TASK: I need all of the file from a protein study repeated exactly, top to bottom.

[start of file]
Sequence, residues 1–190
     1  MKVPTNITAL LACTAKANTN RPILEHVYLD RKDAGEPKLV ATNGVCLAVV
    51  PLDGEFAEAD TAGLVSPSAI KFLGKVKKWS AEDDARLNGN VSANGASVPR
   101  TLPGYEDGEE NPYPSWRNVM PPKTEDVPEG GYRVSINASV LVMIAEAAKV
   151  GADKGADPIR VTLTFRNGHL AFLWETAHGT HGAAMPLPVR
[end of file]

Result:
Sequence, residues 1–190
     1  MKVPTNITAL LACTAKANTN RPILEHVYLD RKDAGEPKLV ATNGVCLAVV
    51  PLDGEFAEAD TAGLVSPSAI KFLGKVKKWS AEDDARLNGN VSANGASVPR
   101  TLPGYEDGEE NPYPSWRNVM PPKTEDVPEG GYRVSINASV LVMIAEAAKV
   151  GADKGADPIR VTLTFRNGHL AFLWETAHGT HGAAMPLPVR